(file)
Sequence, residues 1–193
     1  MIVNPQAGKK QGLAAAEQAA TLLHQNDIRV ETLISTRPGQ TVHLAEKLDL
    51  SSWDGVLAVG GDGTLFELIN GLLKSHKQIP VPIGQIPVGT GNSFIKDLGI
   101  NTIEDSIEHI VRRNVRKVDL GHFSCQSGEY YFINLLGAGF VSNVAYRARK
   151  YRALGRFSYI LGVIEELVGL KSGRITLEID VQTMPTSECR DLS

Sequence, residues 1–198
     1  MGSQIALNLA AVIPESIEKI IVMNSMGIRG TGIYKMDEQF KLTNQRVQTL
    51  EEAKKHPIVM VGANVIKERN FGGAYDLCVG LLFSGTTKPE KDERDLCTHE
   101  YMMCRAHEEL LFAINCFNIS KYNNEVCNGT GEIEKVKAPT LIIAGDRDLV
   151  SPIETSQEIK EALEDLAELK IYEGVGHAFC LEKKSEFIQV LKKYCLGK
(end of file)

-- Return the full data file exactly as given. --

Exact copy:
Sequence, residues 1–193
     1  MIVNPQAGKK QGLAAAEQAA TLLHQNDIRV ETLISTRPGQ TVHLAEKLDL
    51  SSWDGVLAVG GDGTLFELIN GLLKSHKQIP VPIGQIPVGT GNSFIKDLGI
   101  NTIEDSIEHI VRRNVRKVDL GHFSCQSGEY YFINLLGAGF VSNVAYRARK
   151  YRALGRFSYI LGVIEELVGL KSGRITLEID VQTMPTSECR DLS

Sequence, residues 1–198
     1  MGSQIALNLA AVIPESIEKI IVMNSMGIRG TGIYKMDEQF KLTNQRVQTL
    51  EEAKKHPIVM VGANVIKERN FGGAYDLCVG LLFSGTTKPE KDERDLCTHE
   101  YMMCRAHEEL LFAINCFNIS KYNNEVCNGT GEIEKVKAPT LIIAGDRDLV
   151  SPIETSQEIK EALEDLAELK IYEGVGHAFC LEKKSEFIQV LKKYCLGK